Dublin takes over as host of next World Science Fiction Convention

Dublin takes over as host of next World Science Fiction Convention

Could a robot replace your partner?

This is just one of the topics being debated at the 77th World Science Fiction Convention in Dublin this week.

Researchers, scientists and writers will all sit down to tease out some of the world's most pressing issues as evolving technology rapidly changes our world.

Leading the debate will be Kevin Koidl, a research fellow at the ADAPT Centre in Trinity College Dublin, where scientists work on ground-breaking digital innovations.

"If we were to fast-forward 50 years to when robot technology is widespread, then artificial intelligence (AI) could be built into the robot to make the perfect partner.

"There is already a lot of money being put into sex robots in Japan, to make them as human as possible. The next step would be to develop empathy within them," Mr Koidl told the Irish Examiner.

Explaining the concept of AI, the researcher said that it is just a piece of software that is constantly learning and evolving: "Artificial intelligence is software that constantly learns. It's always simulating. It always needs to be fed lots of data. AI would have to observe you, or an environment, for some time."

In terms of creating the perfect partner, AI software would be developed after observing a person, their likes, dislikes, what makes them happy and unhappy, for some time. This software could then be placed within a robot, made to look as human as possible.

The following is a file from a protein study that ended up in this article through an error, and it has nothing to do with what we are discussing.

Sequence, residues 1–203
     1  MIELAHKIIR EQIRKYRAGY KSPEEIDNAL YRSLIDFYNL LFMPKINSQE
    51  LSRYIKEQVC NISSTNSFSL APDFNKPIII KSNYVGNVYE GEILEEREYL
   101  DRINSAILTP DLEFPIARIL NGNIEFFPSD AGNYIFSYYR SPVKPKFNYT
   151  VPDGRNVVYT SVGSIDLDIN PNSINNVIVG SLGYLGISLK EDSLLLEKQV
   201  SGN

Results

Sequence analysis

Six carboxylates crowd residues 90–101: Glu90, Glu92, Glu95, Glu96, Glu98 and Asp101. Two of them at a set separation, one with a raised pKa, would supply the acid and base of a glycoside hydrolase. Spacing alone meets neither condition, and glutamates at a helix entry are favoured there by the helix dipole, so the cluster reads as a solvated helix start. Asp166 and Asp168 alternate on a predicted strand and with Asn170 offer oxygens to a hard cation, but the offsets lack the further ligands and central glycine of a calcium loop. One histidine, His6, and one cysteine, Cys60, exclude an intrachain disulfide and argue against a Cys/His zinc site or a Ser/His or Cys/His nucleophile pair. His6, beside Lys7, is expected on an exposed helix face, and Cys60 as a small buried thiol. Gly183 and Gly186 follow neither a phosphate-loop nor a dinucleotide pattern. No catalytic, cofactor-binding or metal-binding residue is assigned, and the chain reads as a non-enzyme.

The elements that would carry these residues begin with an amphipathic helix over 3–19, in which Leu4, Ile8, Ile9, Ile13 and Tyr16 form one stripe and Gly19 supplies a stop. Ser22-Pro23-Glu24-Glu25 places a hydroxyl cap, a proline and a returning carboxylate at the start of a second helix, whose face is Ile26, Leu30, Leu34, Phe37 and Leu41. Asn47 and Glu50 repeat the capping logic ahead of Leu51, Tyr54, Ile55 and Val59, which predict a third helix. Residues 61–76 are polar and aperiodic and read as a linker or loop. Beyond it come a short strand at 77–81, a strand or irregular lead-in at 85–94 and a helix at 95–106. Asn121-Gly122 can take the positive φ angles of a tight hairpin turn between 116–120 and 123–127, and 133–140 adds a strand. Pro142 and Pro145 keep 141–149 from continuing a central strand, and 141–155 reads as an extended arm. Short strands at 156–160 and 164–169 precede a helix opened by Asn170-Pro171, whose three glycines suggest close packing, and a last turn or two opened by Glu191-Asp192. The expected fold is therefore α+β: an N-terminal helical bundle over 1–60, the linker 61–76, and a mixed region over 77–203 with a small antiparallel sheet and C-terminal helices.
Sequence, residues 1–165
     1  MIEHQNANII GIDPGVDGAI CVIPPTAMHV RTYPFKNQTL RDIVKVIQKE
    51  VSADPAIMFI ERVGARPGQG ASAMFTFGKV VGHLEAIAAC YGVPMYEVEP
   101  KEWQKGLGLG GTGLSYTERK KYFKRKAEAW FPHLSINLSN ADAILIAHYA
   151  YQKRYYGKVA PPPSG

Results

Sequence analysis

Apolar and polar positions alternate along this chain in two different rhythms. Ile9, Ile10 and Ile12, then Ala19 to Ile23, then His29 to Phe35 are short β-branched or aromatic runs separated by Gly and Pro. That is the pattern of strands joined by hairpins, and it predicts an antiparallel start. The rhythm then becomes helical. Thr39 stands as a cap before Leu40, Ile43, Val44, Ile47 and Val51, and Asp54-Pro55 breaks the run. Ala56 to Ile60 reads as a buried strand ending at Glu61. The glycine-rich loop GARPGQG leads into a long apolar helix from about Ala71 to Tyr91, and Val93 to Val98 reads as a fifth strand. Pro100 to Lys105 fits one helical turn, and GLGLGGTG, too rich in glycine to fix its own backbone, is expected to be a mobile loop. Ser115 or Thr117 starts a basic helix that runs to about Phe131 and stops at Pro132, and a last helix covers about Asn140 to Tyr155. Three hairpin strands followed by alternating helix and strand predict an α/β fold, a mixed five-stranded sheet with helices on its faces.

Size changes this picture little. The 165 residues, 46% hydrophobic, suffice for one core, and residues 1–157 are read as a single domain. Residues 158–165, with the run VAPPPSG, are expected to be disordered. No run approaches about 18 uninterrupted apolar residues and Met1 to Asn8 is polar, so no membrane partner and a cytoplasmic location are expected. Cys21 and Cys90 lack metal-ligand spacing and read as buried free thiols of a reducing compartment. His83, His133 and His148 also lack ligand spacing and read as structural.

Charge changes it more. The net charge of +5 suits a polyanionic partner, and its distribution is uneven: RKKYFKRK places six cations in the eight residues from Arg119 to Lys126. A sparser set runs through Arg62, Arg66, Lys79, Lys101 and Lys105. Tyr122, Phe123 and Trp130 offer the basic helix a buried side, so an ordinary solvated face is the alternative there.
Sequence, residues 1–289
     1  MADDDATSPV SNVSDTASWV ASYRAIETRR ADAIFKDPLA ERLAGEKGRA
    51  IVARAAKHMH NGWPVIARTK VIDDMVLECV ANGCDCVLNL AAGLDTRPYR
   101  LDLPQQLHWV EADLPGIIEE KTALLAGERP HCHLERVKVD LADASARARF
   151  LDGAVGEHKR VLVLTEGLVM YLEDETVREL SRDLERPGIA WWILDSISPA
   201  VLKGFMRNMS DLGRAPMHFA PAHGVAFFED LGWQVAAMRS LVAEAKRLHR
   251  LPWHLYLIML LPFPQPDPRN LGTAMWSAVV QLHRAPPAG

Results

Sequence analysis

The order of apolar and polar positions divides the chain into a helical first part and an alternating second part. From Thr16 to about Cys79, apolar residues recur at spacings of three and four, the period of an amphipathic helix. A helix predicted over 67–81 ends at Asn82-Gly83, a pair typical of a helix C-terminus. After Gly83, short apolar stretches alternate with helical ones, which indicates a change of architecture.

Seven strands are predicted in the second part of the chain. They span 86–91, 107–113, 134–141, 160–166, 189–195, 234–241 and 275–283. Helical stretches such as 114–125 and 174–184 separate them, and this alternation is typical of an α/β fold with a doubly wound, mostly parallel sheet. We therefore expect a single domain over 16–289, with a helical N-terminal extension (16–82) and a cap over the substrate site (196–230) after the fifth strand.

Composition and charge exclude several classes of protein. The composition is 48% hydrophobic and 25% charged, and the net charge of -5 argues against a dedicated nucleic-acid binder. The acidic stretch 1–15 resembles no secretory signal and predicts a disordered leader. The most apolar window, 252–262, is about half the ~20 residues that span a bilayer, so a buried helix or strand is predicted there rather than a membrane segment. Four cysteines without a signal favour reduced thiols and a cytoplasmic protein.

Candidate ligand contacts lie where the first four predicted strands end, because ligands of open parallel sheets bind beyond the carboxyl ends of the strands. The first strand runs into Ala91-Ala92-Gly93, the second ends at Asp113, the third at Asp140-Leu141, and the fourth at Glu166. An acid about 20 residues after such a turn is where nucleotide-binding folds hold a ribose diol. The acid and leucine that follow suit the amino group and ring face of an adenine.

The question now is: do we have the ability to create the perfect partner and would be preferable it to a human one? It fits into the Tinder-isation of relationships - at the first sign of conflict you just flick on.

With AI, if there was any conflict, you could change the software," said the researcher.

Professor Dave Lewis, an associate director of the ADAPT Centre, said that scientists are "struggling" to deal with the "negative impacts" of AI.

"AI researchers from academia and industry are seeing the fruit of their work impacting society at an accelerating rate. From AI chatbots, to fake news twitter bots and data privacy concerns, researchers and policy makers are struggling to anticipate and mitigate the negative impacts of increasingly advanced AI before they become major problems for society," said Prof Lewis.

The conference, which is currently sold out, runs until Monday. However, the debate ‘Would you swap your partner with a Robot designed to be ‘the one’?’, as led by Mr Koidl, can be accessed online on Monday. The full programme can be viewed at dublin2019.com.

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